Beware of all that direct democracy
The use of state ballot questions is a rapidly spreading practice. On Nov. 4 more than 200 questions appeared on ballots. Including tax-cutting measures, bond issues, nuclear power referendums, and proposals to reform state government.
A broad range of public leaders are in favor of the use of initiatives. When , however, a comparison is made between the presuppositions behind the initiative and the concepts of government embedded in the US Constitution, some differences become apparent.
Initiatives are said to be a democratic safety valve that enables citizens to bypass stubborn representatives and a means to enhance civic participation under conditions of large-scale, pluralistic, industrial society. Proponents of initiatives are able to claim significant accomplishments through their use.
The specific merits of Proposition 13 in California can be debated, but it is common knowledge that it did signal voter dissatisfaction with ever-increasing taxes. In Maine the voters refused to repeal returnable container legislation; Montana backed a measure requiring expanded disclosure of lobbying activities and expenditures; Washington State turned down a proposal to have the state take over lands now under federal control.
But the delegates to the federal convention of 1787 rejected the direct democratic idea behind the voter initiative. To make use of it would represent a return to what had caused previous democratic attempts to fail. Such use would misconstrue human nature. They did not suppose that the cure of democracy would be more democracy. In the interests of liberty, they called upon the people to accept restraints on their freedom.
The Founding Fathers advocated representatives government rather than direct government. They acclaimed a mixed government in which democratic, aristocratic , and monarchical elements were fused. They insisted upon the separation of powers with the division of executive, legislative, and judicial functions, each balanced against the other. Human excesses had to be curbed by deliberation. These checks and balances were the means by which republican government could endure with its imperfections lessened. Hamilton said, "Give all power to the many, they will oppress the few. Give all power to the few, they will oppress the many. Both therefore ought to have power, that each may defend itself against the other."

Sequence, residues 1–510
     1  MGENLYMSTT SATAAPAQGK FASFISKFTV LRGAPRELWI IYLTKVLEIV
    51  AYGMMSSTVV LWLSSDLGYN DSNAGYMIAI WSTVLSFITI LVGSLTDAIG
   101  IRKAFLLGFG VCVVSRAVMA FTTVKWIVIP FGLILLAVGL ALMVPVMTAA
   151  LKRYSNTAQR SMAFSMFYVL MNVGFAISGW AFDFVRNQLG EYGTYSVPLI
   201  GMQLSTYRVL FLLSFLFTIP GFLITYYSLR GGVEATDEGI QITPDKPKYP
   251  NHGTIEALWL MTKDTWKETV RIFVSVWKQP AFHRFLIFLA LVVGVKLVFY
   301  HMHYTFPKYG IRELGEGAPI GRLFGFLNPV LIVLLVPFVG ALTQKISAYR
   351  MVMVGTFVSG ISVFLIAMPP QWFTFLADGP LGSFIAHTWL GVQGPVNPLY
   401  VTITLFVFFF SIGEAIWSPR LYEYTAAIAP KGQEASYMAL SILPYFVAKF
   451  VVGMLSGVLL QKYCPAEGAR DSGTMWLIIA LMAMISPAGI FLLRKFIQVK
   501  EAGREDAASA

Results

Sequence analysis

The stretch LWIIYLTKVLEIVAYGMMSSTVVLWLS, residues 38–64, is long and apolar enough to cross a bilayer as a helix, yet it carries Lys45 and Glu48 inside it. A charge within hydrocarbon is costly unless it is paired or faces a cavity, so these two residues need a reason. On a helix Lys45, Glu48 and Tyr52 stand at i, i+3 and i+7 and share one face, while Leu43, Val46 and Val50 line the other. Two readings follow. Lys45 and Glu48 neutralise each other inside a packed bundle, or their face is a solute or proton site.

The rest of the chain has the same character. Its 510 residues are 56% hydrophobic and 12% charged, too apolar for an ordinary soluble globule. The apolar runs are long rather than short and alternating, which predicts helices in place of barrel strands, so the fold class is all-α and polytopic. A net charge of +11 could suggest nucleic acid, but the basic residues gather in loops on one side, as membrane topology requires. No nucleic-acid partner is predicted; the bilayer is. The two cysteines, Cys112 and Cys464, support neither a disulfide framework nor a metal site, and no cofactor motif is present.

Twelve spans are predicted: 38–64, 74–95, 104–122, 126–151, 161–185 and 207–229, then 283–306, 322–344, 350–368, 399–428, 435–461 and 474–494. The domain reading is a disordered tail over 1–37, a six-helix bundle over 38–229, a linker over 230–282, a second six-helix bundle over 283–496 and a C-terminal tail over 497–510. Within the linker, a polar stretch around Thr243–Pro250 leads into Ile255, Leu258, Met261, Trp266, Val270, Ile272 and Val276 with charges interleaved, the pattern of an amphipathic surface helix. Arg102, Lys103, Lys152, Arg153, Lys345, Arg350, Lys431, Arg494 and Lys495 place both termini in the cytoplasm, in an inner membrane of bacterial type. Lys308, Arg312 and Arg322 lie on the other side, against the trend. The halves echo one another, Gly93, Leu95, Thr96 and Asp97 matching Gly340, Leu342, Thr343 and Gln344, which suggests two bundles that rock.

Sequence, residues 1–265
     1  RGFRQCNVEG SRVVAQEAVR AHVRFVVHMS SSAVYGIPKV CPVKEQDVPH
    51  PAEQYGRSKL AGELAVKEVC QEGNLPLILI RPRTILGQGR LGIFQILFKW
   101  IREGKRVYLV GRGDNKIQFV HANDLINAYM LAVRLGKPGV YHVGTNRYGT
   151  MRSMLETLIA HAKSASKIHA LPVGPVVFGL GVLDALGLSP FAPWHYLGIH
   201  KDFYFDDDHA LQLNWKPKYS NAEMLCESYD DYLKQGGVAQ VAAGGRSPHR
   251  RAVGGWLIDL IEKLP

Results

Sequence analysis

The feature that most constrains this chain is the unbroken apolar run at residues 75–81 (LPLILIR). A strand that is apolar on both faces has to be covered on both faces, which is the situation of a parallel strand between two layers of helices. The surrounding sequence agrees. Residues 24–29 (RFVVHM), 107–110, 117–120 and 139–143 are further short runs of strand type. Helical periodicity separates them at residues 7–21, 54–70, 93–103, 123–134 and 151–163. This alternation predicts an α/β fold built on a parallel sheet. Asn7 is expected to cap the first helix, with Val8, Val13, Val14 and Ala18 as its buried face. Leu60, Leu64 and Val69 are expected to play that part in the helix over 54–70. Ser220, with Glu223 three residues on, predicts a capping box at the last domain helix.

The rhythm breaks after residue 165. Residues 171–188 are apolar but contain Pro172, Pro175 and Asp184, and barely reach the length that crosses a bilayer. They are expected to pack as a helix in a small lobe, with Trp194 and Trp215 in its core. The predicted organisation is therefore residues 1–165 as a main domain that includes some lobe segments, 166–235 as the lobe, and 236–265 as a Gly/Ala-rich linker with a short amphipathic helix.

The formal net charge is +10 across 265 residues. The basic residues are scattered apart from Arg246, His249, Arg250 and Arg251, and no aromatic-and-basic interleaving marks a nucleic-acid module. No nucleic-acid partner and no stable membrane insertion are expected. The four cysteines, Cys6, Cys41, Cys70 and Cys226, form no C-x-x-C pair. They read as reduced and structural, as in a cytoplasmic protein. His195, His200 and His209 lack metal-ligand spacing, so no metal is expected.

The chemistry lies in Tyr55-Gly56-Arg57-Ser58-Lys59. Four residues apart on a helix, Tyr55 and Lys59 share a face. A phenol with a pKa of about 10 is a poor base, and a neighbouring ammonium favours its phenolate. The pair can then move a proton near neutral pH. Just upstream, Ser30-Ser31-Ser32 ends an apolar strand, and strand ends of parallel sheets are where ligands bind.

The makers of the Constitution would consider wide use of initiatives as simplistic and drastic. They thought that when the people go wrong they may go wrong terribly.They preferred evolution to revolution. They would say that with the initiative there are too few means for rectifying rash decisions. There are too few protections.
Such matters as taxation or energy frequently are too complex to be decided finally by popular vote. Often the common good requires the making of unpopular decisions. The common welfare can be endangered by reckless actions coming out of irrational impulses or provincialism. Some analysts think that the Nov. 4 tax vote in Massachusetts will bring about a crisis in a state that has no budgetary surplus. Boston stands to lose 60 to 75 percent of current revenues.
Despite the difficulty of electing responsible representatives, legislatures are better equipped to decided complicated issues. Initiatives can serve to divert attention from the imperative of selecting wise men and women to serve in elective offices.
The citizen initiative bears a similarity to the push-button process that enables television viewers instantly to register approval or disapproval of proposals. This process may not be as promising as some advocates think. During periods of hysteria there can be simplistic public responses. If Harry Truman had been required to act in accordance with public opinion, he could not have fired an arrogant Douglas MacArthur who might have brought about a wider war. Hitler used referendums to galvanize his dictatorship. The delegates at the State House in Philadelphia were able to foresee the possible pitfalls of unbridled democracy.
There is a need for more public participation in the processes of government, but expanded use of referendums might not be the most appropriate means for bringing this about. Referendums do have some value, but they should be used with limitations.
With an enthusiastic initiative backer like Ronald Reagan in Washington it becomes more imperative that the initiative process be evaluated. In doing this attention should be given to the warning of James Madison that "it may happen that the popular voice, pronounced by the representatives of the people, will be more consonant to the public good than if pronounced b y the people themselves."